The concept is adopted from the total station component calibration [34] and expanded for the case of the laser scanner. In contrary to the total station case, due to the larger number of calibration parameters, a stepwise parameter estimation or separate component calibration is not possible. Hence, the adjustment procedure based on the redundant measurements is required to estimate the most probable combination of all parameters. The adjustment is realized as the least squares minimization problem based on the Gauss-Helmert model, similar to the one described in Section 2.3. The general functional model is structured as follows:
f i = x y z 2 i x y z 1 i = [ x 2 i y 2 i z 2 i ] [ x 1 i y 1 i z 1 i ] = 0
where f i is the triplet of functions for each target in the calibration field, while x y z 2 i and x y z 1 i are the vectors of scanner observations in the second and first face, equivalent to the ones in Equation (11). Therefore, the observations can be expressed as functions of the calibration parameters and polar TLS measurements obtained on the field. As explained in Section 2.2, some calibration parameters are not two-face sensitive. Hence, for the two-face adjustment algorithm, the calibration parameter equations are in the reduced form:
Δ r j i = x 2 sin ( θ j i ) + v r j i
Δ φ j i = x 1 z r j i tan ( θ j i ) + x 3 r j i sin ( θ j i ) + x 5 z 7 tan ( θ j i ) + 2 x 6 sin ( θ j i ) + v φ j i
Δ θ j i = x 1 n + 2 cos ( θ j i ) r j i + x 4 + x 5 n cos ( θ j i ) + v θ j i
Further on, the functional model is linearized by the first order Taylor approximation, resulting in Equation (12). However, in this instance, the configuration matrix A and the vector of reduced parameters Δ x are significantly simplified due to the absence of the parameters describing the scanner’s exterior orientation and the target coordinates.
The stochastic model for the scanner observations is derived empirically. It is done by analyzing the a priori standard deviation of the half of difference between two-face measurements, separately for ranges, horizontal and vertical angles:
σ r = i = 1 s | r 2 r 1 2 |
σ φ = i = 1 s | ( φ 2 180 ° ) φ 1 2 |
σ θ = i = 1 s | 360 ° ( θ 2 + θ 1 ) 2 |
This way, the measurement precision accomplished on the field is used, rather than values from the manufacturer’s specifications. The covariance matrix of observations Σ is again formed as a diagonal matrix, as explained in Section 2.4. The final solution of the adjustment is iteratively computed and again, the rigorous solution of Gauss-Helmert model is applied, as explained in Section 2.3.
Therefore, the proposed algorithm can be used for almost complete calibration of the panoramic scanners using only two scans from a single scanner station. The parameters missing in Equations (17)–(19) are the rangefinder offset x10, the vertical beam tilt x5z and the horizontal beam offset x1n. While x10 and x5z cannot be estimated using the proposed approach, x1n can be derived a posteriori. It is achieved by subtracting the value of the parameter x2 estimated in Equation (17) from the value of the combined parameter x1n+2 estimated in Equation (19). The detailed explanation is given in Section 4.1.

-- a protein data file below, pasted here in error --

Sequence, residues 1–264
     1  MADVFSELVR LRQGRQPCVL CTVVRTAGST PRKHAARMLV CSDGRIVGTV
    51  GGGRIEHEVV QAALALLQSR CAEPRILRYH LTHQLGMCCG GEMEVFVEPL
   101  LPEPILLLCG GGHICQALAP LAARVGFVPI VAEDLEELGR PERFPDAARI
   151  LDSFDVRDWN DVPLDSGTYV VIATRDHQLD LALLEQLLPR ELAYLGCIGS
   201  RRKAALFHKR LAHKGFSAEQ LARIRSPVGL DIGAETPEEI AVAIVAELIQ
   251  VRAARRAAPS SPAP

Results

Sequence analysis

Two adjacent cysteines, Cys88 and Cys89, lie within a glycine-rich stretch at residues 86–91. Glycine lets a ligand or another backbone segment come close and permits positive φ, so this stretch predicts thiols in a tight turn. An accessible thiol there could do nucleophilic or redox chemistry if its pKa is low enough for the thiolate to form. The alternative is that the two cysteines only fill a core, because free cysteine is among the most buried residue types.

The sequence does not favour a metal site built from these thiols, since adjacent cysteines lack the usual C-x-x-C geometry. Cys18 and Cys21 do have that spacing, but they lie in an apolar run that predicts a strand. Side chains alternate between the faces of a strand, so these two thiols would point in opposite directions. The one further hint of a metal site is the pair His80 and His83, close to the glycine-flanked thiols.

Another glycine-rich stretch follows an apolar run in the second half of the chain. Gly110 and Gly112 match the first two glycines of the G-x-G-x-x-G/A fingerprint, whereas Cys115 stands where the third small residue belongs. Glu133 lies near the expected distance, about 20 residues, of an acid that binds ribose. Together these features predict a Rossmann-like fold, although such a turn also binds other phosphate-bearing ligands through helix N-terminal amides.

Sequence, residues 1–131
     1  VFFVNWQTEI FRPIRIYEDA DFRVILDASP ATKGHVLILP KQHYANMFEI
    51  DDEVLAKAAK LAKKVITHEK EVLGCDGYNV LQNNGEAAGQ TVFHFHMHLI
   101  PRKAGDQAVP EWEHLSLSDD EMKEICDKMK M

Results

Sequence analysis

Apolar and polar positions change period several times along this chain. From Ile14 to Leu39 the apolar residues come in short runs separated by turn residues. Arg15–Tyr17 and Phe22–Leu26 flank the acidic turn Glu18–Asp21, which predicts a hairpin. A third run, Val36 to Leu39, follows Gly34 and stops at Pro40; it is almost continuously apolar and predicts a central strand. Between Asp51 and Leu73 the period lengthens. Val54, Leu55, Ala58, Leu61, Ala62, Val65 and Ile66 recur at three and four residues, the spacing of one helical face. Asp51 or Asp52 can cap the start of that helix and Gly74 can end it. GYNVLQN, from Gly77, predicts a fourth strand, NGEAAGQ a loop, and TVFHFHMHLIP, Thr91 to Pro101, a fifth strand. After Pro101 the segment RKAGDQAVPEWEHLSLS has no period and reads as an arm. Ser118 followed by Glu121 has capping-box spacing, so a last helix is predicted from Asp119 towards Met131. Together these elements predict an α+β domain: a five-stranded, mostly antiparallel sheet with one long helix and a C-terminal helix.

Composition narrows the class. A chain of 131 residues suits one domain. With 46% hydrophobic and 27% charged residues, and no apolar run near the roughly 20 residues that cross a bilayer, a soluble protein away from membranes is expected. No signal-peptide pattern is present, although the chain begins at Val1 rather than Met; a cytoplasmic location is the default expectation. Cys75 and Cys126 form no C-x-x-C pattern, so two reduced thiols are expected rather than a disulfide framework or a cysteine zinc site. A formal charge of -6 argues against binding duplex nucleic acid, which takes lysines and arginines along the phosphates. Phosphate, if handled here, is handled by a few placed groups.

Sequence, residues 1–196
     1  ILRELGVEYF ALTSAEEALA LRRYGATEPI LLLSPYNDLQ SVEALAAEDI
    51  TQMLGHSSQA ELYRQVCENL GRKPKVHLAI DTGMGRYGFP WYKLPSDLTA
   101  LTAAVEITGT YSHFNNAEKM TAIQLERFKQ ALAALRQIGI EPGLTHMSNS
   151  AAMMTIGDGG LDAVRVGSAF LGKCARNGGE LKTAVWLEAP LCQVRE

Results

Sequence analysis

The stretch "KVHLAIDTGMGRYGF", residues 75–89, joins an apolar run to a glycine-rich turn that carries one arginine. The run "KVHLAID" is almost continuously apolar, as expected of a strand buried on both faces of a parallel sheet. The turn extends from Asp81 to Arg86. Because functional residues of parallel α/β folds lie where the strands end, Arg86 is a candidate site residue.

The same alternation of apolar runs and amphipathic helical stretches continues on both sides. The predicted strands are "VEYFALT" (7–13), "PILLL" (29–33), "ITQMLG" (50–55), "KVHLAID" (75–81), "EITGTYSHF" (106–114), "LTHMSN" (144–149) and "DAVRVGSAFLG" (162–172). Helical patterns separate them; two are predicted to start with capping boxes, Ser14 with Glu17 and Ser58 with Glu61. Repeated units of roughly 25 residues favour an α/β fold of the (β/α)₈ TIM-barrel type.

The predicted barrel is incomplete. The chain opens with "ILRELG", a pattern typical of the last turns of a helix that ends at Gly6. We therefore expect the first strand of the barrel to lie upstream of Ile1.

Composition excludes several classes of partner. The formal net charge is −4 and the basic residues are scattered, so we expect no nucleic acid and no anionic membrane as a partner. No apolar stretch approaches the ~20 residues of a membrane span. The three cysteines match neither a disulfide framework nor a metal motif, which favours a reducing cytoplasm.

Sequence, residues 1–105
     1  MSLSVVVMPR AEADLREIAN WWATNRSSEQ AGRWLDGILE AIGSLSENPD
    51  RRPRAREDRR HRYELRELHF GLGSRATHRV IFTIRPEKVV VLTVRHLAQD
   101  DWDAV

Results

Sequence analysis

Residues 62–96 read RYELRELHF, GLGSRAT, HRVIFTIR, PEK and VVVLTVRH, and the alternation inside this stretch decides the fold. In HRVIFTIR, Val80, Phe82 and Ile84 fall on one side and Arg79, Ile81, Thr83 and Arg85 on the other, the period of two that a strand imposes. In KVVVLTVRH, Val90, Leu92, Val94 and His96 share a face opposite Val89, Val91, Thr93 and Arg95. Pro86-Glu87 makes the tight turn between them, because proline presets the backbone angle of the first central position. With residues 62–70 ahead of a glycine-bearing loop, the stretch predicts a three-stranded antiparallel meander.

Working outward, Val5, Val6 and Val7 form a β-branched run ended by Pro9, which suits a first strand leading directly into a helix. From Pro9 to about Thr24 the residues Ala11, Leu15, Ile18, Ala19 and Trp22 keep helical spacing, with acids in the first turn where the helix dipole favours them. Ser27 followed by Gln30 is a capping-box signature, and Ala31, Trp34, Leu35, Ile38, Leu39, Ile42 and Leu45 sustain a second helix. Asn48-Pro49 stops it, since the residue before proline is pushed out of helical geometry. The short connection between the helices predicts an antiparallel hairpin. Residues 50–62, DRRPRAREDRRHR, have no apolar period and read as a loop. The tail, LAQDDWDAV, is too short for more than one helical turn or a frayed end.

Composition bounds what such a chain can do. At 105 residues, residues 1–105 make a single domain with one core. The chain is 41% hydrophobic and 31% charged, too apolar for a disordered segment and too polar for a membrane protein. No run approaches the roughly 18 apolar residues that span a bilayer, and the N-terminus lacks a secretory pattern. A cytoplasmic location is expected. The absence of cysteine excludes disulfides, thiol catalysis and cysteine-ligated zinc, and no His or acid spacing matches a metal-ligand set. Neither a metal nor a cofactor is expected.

The main advantage of the algorithm lies in reducing the number of unknowns from couple of hundreds, depending on the network geometry, to nine. Besides easier computation and speed, this is very useful for the analysis of partial redundancies of the measurements, without need of a mathematical reduction of irrelevant unknowns. Thus, a planning of the calibration field, in the view of the optimal target selection, and the sensitivity analysis for the outlier detection are enhanced [41]. In order to test the validity of the proposed algorithm, the results of the calibration are compared with the accepted system calibration results in Section 4.2.

2.6. Congruency Test

The main statistical test used within this research is the congruency test. The objective of the congruency test is to detect whether two groups of estimated parameters are significantly different. It is usually used for evaluating the consistency of the network of points observed in two epochs [42]. In this paper, it serves two purposes. The first one is to estimate if the parameters estimated with two different approaches are significantly different. If the test is rejected, the two different approaches cannot provide the same results. The test statistics T C is compared with the value from the Fisher distribution:
T C = 1 h ( x ^ 2 x ^ 1 ) T ( Σ x ^ x ^ 2 + Σ x ^ x ^ 1 )   ( x ^ 2 x ^ 1 ) F ( h , r , 1 α )
where h is the number of estimated parameters, x ^ 2 and x ^ 1 are the vectors of parameter estimated from the two different adjustments, Σ x ^ x ^ 2 and Σ x ^ x ^ 1 are the covariance matrices of the estimated parameters, r in this case is the sum of redundancies of the both adjustments and α is the chosen error probability factor, in this case α = 5% [42].
Additionally, the test is used to evaluate the quality of the estimated parameters. It is used in the simulation process to validate the sensitivity of the chosen network geometry (Section 4.1). The estimated parameters are compared with their known true values. In this case, x ^ 1 = x 1 , Σ x ^ x ^ 1 = 0 , and r = in Equation (24). If the test is rejected, the estimated parameters are significantly different from their true values. Hence, the network geometry used in the experiment is not sensitive enough to provide unbiased estimates of all relevant calibration parameters.